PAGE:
Not long ago, I happened to be perusing the aisles at the bookstore located on the grounds of the Philosophical Research Society, the institute for esoteric, psychic and religious studies established by Manly Palmer Hall in the Los Feliz district of Los Angeles in the 1930s. It’s a sleepy and moribund place these days—the Society no longer offers public lectures or meditation classes, and the bookstore’s shelves are largely empty, save for the works of Hall and his associates—but one thing caught my attention: The New Revised Tarot Art Cards, designed by Hall and his collaborator and confidant, J. Augustus Knapp, the artist who most famously illustrated Hall’s seminal work, The Secret Teachings of All Ages. Designed originally in 1929, the deck went out of print in 1985 but was revived within the past year, and you can obtain it via the PRS or the usual online sources. I’ve been working with the cards for over a month, and they’ve yielded some insightful and powerful readings.
The cards in their design occupy a sort-of “middle ground” between the “all-pictorial” Waite and the “semi-pictorial” Marseille-type decks. The representations of the Major Arcana hew to fairly traditional standards, though “Justice” and “Strength” have been swapped to Trumps 8 and 11, respectively. (These were their traditional positions until being reversed by Waite in 1909, and most subsequent tarot scholars have followed Waite’s attributions.) Hall also reverts to the old-school assignation of Hebrew letters, assigning “Shin” to The Fool, “Aleph” to The Magician, and so on, which again is at variance with most contemporary Tarot practice. The major cards also bear a sigil—a “coat of arms” of sorts; as an example, “Temperance” sports a ying-yang symbol; the other cards bear similar complimentary symbols.
The Minor cards, however, mirror the cards of the Marseille-style decks by merely representing the quantity of cups, swords, et al. on the face of each card. They differ, however, by rearranging the elements into intriguing geometric patterns that can provide additional interpretive guidance, and each of the Minor cards, as with the Major cards, bears a sigil with a symbolic representation inside of it.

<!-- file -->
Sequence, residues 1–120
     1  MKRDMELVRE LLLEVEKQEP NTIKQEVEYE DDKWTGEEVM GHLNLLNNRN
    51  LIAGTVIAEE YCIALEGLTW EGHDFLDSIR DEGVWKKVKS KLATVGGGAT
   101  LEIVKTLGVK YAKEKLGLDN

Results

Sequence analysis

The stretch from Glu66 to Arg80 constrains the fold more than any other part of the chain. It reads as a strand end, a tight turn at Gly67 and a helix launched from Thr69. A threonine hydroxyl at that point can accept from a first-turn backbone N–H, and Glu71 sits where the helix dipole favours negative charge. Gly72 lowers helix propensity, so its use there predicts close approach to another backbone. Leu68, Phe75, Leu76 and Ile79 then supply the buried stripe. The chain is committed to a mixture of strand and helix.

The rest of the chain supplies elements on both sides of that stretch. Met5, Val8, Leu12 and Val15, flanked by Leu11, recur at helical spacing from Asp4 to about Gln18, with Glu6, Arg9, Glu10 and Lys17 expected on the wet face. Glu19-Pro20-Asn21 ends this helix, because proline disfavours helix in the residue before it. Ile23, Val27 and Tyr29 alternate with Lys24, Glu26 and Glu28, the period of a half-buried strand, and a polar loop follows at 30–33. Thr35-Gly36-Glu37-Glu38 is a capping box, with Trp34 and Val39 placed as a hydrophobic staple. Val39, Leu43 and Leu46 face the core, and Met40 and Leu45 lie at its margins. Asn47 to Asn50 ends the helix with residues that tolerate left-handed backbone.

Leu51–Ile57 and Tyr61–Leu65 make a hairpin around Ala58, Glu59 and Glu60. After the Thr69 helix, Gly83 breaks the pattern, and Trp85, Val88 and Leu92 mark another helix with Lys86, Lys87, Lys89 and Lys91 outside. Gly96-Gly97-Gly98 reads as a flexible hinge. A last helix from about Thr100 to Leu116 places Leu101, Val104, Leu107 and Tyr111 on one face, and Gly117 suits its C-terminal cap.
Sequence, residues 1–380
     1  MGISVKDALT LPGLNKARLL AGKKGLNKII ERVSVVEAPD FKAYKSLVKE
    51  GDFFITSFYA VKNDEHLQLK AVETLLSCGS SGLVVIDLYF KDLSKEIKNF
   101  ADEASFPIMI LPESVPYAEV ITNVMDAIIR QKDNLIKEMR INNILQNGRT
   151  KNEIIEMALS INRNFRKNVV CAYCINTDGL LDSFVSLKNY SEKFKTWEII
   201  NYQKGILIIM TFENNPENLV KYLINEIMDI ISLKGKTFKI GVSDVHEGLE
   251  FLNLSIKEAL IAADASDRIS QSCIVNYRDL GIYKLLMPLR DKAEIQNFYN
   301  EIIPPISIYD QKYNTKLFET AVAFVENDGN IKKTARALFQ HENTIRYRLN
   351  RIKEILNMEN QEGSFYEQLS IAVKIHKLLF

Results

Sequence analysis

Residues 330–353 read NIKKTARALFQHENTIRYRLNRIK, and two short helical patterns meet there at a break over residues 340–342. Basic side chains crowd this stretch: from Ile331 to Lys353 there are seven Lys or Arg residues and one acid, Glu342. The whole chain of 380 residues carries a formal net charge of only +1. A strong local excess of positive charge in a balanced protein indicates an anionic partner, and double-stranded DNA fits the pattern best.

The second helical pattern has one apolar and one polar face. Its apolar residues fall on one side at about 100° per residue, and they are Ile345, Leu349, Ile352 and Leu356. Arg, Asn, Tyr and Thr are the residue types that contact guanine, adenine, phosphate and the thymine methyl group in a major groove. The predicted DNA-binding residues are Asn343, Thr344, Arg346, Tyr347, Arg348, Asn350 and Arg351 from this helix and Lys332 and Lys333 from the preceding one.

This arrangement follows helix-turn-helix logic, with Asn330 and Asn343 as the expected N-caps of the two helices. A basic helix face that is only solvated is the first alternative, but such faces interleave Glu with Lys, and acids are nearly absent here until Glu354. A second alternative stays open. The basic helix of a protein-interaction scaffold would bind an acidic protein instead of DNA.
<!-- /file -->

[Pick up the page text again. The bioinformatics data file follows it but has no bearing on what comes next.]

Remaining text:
The Court Cards, however, differ quite a bit from any other deck that I am aware of (I’m not a collector, so bear with me) by altering the titles of Princes and Princesses. In the Hall deck, they are called “Warriors” and “Servants” or “Slaves,” and are more or less depicted as such (the Slave of Pentacles is shackled and locked in a dungeon!), again with each card accompanied by a magic sigil.
The cards come with a booklet, authored by Hall, that provides Waite-style interpretations to each of the cards. Not surprisingly, his view of the cards is more theosophical than occult in orientation, which is an asset if you approach Tarot more as a psychoanalytical teaching tool (as I do) than as a divinatory medium, which may explain why I’ve been getting such satisfying results from these cards—even without reversals, which I have always typically employed.
One thing that needs to be said here is, this is not an inexpensive deck (retail $35). However, the card stock is outstanding—thick, but not so heavy as to resist easy shuffling, and at the same time resistant to dog-earing. (I love you, U.S. Games Systems, but every deck of yours that I’ve ever owned has started fraying at the edges within a matter of weeks.) Bearing in mind that this is a self-published deck, and considering its pedigree, those of us who are admirers of Hall’s work will find this deck well worth the money, and well worth the time spent studying them.